We will be swallowed by our world, spat out somewhere God needs us, inconvenienced, and realize that our status as children of God allows us to ask whatever we wish, but I’m thinking we might wish higher!

Read more:
*Happy are those who make the Lord their trust. Psalm 40:4 ESV

*Then all flesh shall know that I am the Lord your Savior, and your Redeemer. Isaiah 49:26 ESV

*The Son of Man came not to be served but to serve, and to give his life a ransom for many. Matthew 20:28 ESV

*Do not throw away your confidence; it will be richly rewarded. Hebrews 10:35 NIV

Moravian Prayer: God of the cross, God of the empty tomb, God of everywhere in between—no matter where we find ourselves, you are there, ushering in newness of life, both now and forevermore.
Dear Lord, make us servants of your peace. May we be faithful to you in our work in this world, preaching your word of grace. In the name of our Savior, Jesus Christ. Amen.

C. S. Lewis, in Mere Christianity:
This is the whole of Christianity. There is nothing else. It is so easy to get muddled about that. It is easy to think that the Church has a lot of different objects—education, building, missions, holding services. Just as it is easy to think the State has a lot of different objects—military, political, economic,and what not.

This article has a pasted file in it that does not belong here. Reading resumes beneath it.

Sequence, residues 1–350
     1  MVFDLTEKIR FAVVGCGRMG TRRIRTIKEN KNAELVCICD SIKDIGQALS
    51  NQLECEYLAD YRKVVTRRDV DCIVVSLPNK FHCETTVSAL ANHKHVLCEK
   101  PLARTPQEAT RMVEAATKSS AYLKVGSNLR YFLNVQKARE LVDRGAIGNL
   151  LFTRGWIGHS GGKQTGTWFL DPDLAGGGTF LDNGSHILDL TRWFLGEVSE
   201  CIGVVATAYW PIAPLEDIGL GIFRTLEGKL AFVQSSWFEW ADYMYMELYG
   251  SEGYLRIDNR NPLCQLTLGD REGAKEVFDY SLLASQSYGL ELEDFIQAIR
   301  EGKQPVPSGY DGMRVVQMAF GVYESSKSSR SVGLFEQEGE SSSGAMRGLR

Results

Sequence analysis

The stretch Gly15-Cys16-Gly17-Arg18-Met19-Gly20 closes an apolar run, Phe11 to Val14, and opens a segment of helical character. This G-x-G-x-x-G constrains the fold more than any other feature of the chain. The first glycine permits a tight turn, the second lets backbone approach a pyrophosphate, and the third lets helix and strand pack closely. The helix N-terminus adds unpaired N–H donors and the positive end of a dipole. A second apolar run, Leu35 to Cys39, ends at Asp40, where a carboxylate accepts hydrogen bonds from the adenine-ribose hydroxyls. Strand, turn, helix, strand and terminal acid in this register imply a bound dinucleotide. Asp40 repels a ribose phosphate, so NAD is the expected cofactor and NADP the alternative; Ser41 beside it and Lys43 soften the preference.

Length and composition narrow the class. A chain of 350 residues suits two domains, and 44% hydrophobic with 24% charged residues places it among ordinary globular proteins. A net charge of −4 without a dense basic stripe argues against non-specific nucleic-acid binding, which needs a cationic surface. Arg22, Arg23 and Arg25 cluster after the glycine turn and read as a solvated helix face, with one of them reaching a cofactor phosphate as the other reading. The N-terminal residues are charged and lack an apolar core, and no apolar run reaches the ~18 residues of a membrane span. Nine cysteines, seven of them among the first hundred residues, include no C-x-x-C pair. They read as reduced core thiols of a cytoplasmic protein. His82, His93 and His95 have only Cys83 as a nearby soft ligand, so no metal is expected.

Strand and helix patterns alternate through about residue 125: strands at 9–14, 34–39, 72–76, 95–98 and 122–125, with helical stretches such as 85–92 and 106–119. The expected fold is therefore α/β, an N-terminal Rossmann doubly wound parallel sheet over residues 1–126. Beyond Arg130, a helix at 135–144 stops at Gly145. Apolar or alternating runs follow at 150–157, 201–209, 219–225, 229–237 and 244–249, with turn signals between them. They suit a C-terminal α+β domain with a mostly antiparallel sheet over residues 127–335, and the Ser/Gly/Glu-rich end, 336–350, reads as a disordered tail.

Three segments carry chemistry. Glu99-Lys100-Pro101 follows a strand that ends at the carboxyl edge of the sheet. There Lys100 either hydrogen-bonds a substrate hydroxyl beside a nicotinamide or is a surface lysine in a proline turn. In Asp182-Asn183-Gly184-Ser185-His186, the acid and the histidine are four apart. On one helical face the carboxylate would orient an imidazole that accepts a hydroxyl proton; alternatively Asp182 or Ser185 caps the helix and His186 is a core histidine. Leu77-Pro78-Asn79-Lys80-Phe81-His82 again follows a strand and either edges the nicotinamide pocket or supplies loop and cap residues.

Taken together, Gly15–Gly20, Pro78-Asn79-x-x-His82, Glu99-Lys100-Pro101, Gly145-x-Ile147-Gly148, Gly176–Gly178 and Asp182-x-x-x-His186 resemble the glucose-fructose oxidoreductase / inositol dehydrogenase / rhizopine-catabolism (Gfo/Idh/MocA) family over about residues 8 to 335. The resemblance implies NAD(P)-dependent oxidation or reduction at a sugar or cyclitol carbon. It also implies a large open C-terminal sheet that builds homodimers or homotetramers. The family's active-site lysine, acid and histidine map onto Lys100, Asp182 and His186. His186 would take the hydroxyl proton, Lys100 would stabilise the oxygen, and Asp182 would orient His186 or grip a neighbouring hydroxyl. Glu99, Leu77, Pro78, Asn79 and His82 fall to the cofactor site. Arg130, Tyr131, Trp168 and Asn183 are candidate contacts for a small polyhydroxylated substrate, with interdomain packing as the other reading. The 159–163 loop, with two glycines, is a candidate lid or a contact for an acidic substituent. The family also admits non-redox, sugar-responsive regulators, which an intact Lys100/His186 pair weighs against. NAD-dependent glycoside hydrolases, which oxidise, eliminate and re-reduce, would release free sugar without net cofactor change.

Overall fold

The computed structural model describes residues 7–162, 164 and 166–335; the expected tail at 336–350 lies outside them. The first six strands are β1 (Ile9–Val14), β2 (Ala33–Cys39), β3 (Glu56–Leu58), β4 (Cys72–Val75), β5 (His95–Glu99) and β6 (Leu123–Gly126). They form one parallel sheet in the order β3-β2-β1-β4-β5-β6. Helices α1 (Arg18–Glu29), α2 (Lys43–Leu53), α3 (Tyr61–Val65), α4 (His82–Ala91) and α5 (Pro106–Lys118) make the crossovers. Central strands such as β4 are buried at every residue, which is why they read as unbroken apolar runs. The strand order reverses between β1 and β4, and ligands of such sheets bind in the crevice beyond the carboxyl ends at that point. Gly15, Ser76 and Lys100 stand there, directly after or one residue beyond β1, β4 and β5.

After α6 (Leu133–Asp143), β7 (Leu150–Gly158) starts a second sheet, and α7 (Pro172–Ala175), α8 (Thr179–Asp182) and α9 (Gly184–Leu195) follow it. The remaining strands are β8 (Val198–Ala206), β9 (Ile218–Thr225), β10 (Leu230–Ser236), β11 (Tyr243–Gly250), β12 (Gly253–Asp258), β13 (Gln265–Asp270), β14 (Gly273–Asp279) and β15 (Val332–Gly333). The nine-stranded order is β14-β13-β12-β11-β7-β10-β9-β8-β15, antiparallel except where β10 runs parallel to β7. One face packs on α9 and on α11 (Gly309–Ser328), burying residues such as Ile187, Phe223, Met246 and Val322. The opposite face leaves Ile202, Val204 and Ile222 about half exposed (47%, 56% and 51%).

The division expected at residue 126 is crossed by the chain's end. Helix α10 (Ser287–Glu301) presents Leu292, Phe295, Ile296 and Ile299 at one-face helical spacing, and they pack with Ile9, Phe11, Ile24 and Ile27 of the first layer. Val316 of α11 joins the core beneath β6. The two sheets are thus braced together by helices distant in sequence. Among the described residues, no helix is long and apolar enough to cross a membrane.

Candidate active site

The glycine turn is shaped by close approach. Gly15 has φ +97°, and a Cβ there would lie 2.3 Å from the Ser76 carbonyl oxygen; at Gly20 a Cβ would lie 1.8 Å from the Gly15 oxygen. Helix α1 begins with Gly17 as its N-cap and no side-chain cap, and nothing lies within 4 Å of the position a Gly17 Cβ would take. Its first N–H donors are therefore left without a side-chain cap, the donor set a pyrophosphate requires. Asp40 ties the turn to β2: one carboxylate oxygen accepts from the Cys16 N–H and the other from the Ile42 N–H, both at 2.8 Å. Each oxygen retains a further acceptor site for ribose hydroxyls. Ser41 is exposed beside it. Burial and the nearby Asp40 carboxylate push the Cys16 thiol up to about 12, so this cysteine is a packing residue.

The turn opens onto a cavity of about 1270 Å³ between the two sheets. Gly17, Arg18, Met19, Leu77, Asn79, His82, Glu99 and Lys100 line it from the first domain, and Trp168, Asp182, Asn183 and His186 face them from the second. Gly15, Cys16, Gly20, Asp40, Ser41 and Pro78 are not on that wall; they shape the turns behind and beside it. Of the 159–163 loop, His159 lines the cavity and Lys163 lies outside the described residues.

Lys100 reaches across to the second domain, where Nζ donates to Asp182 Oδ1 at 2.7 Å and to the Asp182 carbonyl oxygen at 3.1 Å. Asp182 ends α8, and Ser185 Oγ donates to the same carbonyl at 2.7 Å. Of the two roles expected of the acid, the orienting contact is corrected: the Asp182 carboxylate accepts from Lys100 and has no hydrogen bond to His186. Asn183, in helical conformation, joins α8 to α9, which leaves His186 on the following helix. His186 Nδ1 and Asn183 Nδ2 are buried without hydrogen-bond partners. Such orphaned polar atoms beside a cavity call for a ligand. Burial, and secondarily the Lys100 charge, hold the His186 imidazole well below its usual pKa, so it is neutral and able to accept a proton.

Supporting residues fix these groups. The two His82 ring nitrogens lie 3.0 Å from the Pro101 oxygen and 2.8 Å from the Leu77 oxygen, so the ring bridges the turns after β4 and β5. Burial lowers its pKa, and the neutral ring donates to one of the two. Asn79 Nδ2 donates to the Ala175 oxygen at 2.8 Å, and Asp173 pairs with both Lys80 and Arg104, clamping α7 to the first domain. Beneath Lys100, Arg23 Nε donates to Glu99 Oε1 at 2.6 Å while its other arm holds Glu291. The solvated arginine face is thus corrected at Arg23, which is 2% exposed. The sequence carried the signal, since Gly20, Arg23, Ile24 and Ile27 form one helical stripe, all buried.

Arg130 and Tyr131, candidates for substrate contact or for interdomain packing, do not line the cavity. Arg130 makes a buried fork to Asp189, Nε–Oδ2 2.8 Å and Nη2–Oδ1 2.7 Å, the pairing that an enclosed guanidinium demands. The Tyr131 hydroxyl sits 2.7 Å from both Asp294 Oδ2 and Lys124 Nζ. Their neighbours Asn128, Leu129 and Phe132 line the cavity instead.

But in a way things are much simpler than that. The State exists simply to promote and to protect the ordinary happiness of human beings in this life. A husband and wife chatting over a fire, a couple of friends having a game of darts in a pub, a man reading a book in his own room or digging in his own garden— that is what the State is there for. And unless they are helping to increase and prolong and protect such moments, all the laws, parliaments, armies, courts, police, economics, etc., are simply a waste of time.

In the same way the Church exists for nothing else but to draw men into Christ, to make them little Christs. If they are not doing that, all the cathedrals, clergy, missions, sermons, even the Bible itself, are simply a waste of time. God became Man for no other purpose. It is even doubtful, you know, whether the whole universe was created for any other purpose.

1 comment:

  1. I love this. Great work Jen, and thanks Rosemarie for making room.